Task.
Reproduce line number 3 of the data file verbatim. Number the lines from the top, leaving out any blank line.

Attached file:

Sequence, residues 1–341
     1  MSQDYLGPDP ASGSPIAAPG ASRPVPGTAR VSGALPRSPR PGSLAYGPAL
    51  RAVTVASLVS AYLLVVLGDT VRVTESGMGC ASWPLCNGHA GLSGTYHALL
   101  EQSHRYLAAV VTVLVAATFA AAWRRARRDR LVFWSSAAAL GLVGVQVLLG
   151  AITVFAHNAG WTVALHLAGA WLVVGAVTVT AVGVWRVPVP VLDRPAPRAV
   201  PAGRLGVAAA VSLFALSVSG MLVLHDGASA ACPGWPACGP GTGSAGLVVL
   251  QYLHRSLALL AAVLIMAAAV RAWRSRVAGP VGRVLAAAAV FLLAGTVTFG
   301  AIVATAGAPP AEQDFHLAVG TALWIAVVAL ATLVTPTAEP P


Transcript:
    51  RAVTVASLVS AYLLVVLGDT VRVTESGMGC ASWPLCNGHA GLSGTYHALL